Aphids: RHS gardening expert gives tips for dealing with pests
We use your sign-up to provide content in ways you’ve consented to and to improve our understanding of you. This may include adverts from us and 3rd parties based on our understanding. You can unsubscribe at any time. More info
Ants are among the most, if not the most, common pests known by homeowners, lawn care experts, and gardeners. You sit down to a nice relaxing evening on the patio with your favourite snacks, and then here come the ants to investigate. They build their hills, swarm around the garden, and cause trouble when they find their way through cracks in your home’s foundation and into the kitchen. So naturally, it causes some concern when you see an anthill forming in your garden.
Besides attracting more unwanted pests, large concentrations of ants in your gardens can have numerous adverse effects on your garden.
Some species of ants are known for causing damage to both your person and your property.
Farm ants, for example, sting when they’re disturbed or perceive a threat, which could make working in your garden an unpleasant experience when you’re simply trying to tend to your crops.
Some species, such as carpenter ants, bite for a similar reason. Even worse: after ants bite, they spray a type of acid into the wound.
Removing ants from your garden can be done both naturally and with chemical products.
In most situations, gardeners should lean toward the natural method first to avoid causing the least amount of damage to plants and the surrounding environment as possible.
Gardening expert Mark Wolfe at HappySprout suggested creating a “homemade garlic bug spray” to deter pests.
He said: “Traditional agricultural experts and scientists agree that garlic spray can be an effective insect killer and deterrent.
“Garlic essential oil and its naturally occurring constituents, diallyl disulfide and diallyl sulfide, are the keys to its effectiveness.
“In lab tests, these sulphur compounds interfere with the insect’s sensory receptors, causing disorientation and death at all life stages for a wide variety of flying and crawling bugs.
‘Golden rule’ for removing toilet limescale with just 2 ingredients [EXPERT]
‘Most effective way’ to clean your entire washing machine [TIPS]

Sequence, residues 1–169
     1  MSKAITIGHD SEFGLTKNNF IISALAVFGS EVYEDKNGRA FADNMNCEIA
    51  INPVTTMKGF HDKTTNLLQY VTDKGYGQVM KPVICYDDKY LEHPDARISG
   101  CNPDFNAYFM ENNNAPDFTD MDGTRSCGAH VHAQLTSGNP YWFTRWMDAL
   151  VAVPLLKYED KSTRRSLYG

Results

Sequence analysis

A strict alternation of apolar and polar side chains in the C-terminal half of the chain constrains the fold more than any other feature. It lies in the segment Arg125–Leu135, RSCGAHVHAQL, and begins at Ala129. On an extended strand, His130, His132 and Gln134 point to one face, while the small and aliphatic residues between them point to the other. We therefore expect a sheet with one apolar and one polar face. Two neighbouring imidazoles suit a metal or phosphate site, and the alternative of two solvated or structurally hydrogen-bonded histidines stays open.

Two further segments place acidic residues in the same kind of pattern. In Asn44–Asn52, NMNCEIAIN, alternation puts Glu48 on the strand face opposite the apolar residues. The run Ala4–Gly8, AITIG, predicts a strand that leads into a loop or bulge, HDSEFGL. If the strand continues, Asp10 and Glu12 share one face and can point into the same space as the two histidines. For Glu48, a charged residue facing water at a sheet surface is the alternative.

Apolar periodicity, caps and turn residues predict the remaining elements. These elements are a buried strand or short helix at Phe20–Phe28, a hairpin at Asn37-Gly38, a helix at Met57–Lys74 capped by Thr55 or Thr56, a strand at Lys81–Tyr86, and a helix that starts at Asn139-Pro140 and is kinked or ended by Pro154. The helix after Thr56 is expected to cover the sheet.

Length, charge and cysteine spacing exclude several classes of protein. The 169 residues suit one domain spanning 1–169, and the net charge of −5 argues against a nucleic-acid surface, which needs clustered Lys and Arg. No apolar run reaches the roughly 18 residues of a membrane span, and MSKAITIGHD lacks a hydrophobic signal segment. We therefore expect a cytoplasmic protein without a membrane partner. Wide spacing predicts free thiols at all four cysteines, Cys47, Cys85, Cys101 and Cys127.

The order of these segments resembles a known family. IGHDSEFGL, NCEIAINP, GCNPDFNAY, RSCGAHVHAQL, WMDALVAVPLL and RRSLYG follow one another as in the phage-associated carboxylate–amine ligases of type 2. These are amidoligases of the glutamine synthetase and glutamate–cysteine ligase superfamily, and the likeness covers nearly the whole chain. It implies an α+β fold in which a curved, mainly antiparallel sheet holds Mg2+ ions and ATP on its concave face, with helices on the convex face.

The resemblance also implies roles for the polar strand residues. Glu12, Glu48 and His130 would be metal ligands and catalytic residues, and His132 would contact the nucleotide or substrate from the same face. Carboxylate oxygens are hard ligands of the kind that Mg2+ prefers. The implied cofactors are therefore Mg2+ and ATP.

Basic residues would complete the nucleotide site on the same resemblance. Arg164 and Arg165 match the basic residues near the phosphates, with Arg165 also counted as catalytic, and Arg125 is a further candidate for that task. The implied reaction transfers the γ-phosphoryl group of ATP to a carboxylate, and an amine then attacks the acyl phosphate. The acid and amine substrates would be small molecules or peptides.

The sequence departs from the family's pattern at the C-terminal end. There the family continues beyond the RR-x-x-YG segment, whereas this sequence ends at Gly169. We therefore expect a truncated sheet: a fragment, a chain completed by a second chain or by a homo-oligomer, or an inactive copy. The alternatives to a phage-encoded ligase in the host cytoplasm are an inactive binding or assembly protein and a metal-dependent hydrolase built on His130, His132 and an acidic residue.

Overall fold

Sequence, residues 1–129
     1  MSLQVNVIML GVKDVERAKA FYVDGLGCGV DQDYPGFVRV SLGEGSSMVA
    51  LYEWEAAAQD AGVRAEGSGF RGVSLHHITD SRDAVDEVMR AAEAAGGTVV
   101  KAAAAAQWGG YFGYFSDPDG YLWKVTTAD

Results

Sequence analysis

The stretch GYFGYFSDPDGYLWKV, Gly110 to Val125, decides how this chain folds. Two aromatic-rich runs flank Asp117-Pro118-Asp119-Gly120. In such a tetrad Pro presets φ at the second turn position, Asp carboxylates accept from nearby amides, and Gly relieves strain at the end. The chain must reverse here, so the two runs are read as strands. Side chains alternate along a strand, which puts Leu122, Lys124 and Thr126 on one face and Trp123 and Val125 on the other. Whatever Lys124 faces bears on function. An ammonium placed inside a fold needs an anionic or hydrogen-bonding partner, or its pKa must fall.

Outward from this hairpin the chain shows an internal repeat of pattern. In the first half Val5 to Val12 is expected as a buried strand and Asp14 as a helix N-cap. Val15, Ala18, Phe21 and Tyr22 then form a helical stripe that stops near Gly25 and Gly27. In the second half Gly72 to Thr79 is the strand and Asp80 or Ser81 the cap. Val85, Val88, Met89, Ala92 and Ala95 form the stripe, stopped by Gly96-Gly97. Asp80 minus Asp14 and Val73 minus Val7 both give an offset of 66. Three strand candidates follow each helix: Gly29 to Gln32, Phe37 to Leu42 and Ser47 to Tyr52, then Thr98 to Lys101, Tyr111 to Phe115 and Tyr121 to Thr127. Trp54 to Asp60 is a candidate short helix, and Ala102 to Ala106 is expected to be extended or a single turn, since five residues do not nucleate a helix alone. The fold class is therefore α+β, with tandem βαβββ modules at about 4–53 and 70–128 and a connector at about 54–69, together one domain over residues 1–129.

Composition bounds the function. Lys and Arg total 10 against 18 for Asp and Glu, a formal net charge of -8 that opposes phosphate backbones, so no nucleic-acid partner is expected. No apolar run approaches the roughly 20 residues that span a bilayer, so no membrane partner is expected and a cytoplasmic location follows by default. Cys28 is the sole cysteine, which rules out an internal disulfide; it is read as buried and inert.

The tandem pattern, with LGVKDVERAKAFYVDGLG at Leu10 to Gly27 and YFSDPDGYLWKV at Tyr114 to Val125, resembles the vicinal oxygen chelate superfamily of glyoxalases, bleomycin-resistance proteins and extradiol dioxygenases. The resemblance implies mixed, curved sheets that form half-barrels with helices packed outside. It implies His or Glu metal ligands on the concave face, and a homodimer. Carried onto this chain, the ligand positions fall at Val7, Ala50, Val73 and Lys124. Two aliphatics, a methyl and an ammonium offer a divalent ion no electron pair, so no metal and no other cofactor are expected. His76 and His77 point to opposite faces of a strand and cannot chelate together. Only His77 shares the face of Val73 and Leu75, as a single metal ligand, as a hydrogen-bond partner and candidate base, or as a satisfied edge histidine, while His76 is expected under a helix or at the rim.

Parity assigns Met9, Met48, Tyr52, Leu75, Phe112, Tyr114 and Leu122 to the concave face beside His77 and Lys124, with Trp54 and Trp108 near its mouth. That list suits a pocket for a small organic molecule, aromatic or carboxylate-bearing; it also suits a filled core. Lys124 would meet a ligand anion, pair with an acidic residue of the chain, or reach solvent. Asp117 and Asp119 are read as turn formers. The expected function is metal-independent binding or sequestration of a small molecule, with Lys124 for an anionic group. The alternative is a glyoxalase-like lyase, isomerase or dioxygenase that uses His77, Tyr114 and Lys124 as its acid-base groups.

Interior features that make a home ‘instantly look cheap’ [INSIGHT]
“In the garden, sensitive bugs tend to simply stay away from treated plants, but those that are present at the time of application, they will be killed.”
The irritating and disorienting sulphur compounds in garlic repel most flying and crawling insects.
It’s especially helpful against annoying ants, aphids, armyworms, beetles, caterpillars, cutworms, mites, mosquitoes, and flies.
The expert also pointed out that this solution repels “many larger pests as well”.
He said: “If you have problems with deer, mice, moles, or rabbits in the garden, a few well placed drops of garlic essential oil or a garlic-based repellent may help steer your unwanted garden visitors in a different direction.”
Garlic insecticide is available to purchase from garden suppliers, or you can try making your own.
The ingredients needed are three garlic bulbs, water and washing up liquid.
Begin by separating the garlic cloves leaving the skins on the cloves.
Place all of the cloves into the blender and add a cup of water. Then put the lid on the blender and pulse until the cloves are well chopped.
Add the rest of the water and four drops of liquid dish soap followed by putting the lid on the blender and thoroughly liquefy the mixture.
Then filter the mixture through the cheesecloth to remove all non-liquid particles and transfer the mixture to the quart jar.
The resulting mixture is concentrated. To use the spray, dilute one part concentrate with 10 parts water. Apply on or around plants with a trigger spray bottle.
Gardening experts at Fantastic Services suggested adding a spice to make this garlic spray “even more effective” when deterring larger pests.
They said: “A popular addition to add to this mixture is cayenne pepper or chilli flakes.
“The pepper helps with deterring some birds and rodents.
“Squirrels, for instance, can’t handle spicy food well, so they back off when they sense some heat in their meal.”
Source: Read Full Article